Tuesday, May 14, 2013

Alfred University's Equine Industry in Ireland: Meet Kristen

By Kristen

Welcome to AU's Equine Industry in Ireland blog! I'm Kristen Kovatch, one of two bloggers who will be chronicling the class's adventures in Ireland from May 19-30. I am the western teacher and trainer at Alfred University, invited to join the class for the traveling portion of the class.

I graduated from Alfred in 2010 with a major in English literature and creative writing and minors in equestrian studies and music. Immediately after graduation I took the position at the equestrian center and have been there ever since, teaching classes in western riding and driving and coaching the western equestrian teams. Along the way I've further developed my riding skills--not only in the western discipline but riding hunt seat and over fences as well. My background before attending and later working at Alfred was mixed but heavily rooted in hunt seat equitation, so I embrace a well-rounded and multidisciplinary approach to any seat of riding. The beauty of working for a collegiate and academic-based equestrian center is the freedom to use all of my skills I developed as an undergraduate--well, the music, not so much, but I hone my writing skills on a daily basis, lucky enough to have an equestrian job that allows my multiple interests and talents to flourish.

Traveling to Ireland, therefore, will serve not only to satisfy the equestrian part of me that looks forward to the cross-country jumping, stud farm tours and days on the racecourses that lie ahead of us over the next two weeks, but the history, culture, literature, music, food--everything about traveling to a new place. Ireland itself holds personal allure; I'm sure like most of America that there is some relative of mine tracing some heritage back to the country. I had a brief and ill-fated Irish phase in my musical development, seeking to take up the Irish fiddle (followed briefly in undergrad with a bluegrass fiddle phase. My classical violin teacher did not appreciate this form of musical expression.) A close friend in my youth and I spent hours poring over Irish history (most of which has since been tragically forgotten) wishing we had the opportunity to travel back to this land where it seemed as though all legends were reality and the past could easily be the present and future. While I'm sure a lot of our hunger was fed by stereotype, parts of our dreams seem about to become reality judging by our trip itinerary.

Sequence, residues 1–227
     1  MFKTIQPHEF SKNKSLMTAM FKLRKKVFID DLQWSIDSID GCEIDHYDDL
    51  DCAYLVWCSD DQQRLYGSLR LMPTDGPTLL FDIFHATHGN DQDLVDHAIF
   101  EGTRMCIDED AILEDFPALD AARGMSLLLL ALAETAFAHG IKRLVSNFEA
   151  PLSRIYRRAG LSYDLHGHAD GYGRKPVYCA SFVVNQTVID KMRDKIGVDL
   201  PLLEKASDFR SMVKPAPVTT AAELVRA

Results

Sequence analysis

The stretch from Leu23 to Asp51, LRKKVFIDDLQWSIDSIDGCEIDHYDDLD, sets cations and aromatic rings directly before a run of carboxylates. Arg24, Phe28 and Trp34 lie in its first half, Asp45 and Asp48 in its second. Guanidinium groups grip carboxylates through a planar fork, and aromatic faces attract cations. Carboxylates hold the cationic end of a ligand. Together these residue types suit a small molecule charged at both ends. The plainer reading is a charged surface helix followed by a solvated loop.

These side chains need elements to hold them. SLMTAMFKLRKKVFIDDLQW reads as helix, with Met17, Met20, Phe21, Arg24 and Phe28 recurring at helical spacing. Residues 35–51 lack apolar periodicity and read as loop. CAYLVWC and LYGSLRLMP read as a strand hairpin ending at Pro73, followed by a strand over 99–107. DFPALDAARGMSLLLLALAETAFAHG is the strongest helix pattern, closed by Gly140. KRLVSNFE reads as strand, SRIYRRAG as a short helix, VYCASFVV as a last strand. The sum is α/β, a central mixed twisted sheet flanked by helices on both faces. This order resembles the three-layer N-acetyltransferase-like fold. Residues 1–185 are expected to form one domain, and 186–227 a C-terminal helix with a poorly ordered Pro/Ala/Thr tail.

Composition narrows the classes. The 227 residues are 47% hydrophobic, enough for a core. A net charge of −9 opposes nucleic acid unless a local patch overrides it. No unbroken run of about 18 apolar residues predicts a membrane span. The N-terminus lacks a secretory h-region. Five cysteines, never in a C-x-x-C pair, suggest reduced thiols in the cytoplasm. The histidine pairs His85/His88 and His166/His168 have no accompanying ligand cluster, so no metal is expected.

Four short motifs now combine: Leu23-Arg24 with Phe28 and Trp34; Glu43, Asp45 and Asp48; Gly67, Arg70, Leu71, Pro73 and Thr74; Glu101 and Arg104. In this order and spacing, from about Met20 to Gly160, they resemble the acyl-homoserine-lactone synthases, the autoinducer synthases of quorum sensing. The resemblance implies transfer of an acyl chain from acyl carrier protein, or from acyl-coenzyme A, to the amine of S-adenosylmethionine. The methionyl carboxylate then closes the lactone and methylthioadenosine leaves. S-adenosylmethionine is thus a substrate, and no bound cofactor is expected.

I'm not necessarily well-traveled. My experiences out of the States include a brief stint in Stratford, Canada for the Shakespeare Festival and a week's tropical vacation in Grand Cayman. I won't say I'm inexperienced, however--I worked for five summers on a guest ranch in Wyoming, which was nearly like a foreign country in terms of people-culture and horse-culture; I understand something of the sensation of being overwhelmed in a new place with people unlike myself. While ten days being swept from place to place in Ireland will not offer me the same opportunity to truly immerse myself as I long to be able to do, I'm looking forward not only to our planned tours but the free time afforded to us in towns and cities all around the country, hours which I hope to use to explore not only the fabled historic and cultural attractions but whatever haunts I can find that will let me see Ireland how the locals live it--the shops and pubs and public places that make up the day-to-day in the country or city.

Welcome along for the journey, reader!

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